Project Rachel helps by offering these women a chance to reconnect with the Church through meetings with priests, counseling, retreats, emotional support and even confessions.

"This isn't a quick fix," Colbert said. "It's an ongoing process of conversion for the women who come to meet God," she added. "Project Rachel provides a gateway back to the Church when they have been estranged. Abortion cuts you off from the Church and women know that. This is a way to seek God's forgiveness and it is a great relief when they do."

To get the word out about Project Rachel, advertisement and notices are posted at parishes so people can pick up cards and call. For many women, help might come years after the actual abortion. As a result, woman may spiral downwards into a world of darkness, sometimes turning to alcohol and drugs to ease the pain of their earlier actions.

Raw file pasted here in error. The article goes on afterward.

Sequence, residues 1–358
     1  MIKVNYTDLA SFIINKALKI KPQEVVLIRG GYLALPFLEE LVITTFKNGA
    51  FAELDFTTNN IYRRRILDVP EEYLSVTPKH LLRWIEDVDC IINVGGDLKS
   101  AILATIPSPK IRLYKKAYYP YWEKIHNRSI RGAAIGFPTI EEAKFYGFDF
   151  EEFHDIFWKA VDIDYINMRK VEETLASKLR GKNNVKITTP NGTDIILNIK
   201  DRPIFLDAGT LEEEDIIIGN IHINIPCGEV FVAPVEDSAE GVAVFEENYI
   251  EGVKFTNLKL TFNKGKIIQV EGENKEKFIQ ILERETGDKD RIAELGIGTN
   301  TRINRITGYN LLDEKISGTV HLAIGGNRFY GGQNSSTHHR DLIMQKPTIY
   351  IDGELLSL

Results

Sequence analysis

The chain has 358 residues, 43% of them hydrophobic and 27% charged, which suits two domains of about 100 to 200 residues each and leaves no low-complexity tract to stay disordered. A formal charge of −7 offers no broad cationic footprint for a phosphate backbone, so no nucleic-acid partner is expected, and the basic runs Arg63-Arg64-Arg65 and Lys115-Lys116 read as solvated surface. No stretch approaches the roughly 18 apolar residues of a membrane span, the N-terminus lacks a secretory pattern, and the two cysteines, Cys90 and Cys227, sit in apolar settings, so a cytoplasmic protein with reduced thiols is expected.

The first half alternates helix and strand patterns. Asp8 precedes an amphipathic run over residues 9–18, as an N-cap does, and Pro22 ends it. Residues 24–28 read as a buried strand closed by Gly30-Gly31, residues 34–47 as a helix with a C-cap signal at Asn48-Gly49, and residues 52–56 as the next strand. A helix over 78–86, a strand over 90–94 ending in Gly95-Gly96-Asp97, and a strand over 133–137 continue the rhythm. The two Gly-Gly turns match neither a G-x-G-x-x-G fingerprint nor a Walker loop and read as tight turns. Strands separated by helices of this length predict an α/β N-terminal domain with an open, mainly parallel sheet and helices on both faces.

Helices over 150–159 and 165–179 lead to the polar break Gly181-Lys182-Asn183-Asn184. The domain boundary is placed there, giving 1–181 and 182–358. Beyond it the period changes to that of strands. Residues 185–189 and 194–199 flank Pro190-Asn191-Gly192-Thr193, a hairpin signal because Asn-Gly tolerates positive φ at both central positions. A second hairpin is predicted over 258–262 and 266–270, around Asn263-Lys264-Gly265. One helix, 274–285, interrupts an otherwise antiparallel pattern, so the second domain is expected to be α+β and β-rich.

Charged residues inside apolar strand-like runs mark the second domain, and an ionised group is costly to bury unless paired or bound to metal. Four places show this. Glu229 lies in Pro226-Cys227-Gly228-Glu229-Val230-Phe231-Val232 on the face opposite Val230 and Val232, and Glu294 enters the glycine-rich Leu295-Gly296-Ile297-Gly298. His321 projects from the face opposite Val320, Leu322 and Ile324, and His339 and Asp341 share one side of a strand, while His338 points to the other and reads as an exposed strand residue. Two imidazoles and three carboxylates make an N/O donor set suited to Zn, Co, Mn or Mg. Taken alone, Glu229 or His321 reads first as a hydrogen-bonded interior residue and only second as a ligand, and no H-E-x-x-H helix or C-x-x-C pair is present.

"Women may be coerced into having abortions, but the minute they are off of the operating table, she herself is conflicted about what has happened," Colbert said. "That's one of the reasons why many women never spoke of their abortions for a long time. They felt guilty and so ashamed and so horrified."

Yet through the Catholic Church, women who are suffering the spiritual and emotional aftermath of abortion may be able to finally find peace.

"Unlike those who advocate for abortion, the Church is here to advocate for life and pick up the pieces of those who obtained abortions and put them back on track with God," said Father Paul Felix, pastor at Shrine of the True Cross Church in Dickinson, Texas.

Father Felix has worked with Project Rachel for many years and recently started offering spiritual retreats to its participants.

"This is one out of many ways in which the Church is affirming the love and mercy of reconciliation and redemption leading to fulfillment," Father Felix said. "The power of God can help these women overcome the trauma they've suffered and the grace of God can bring about a profound renewal and way of life."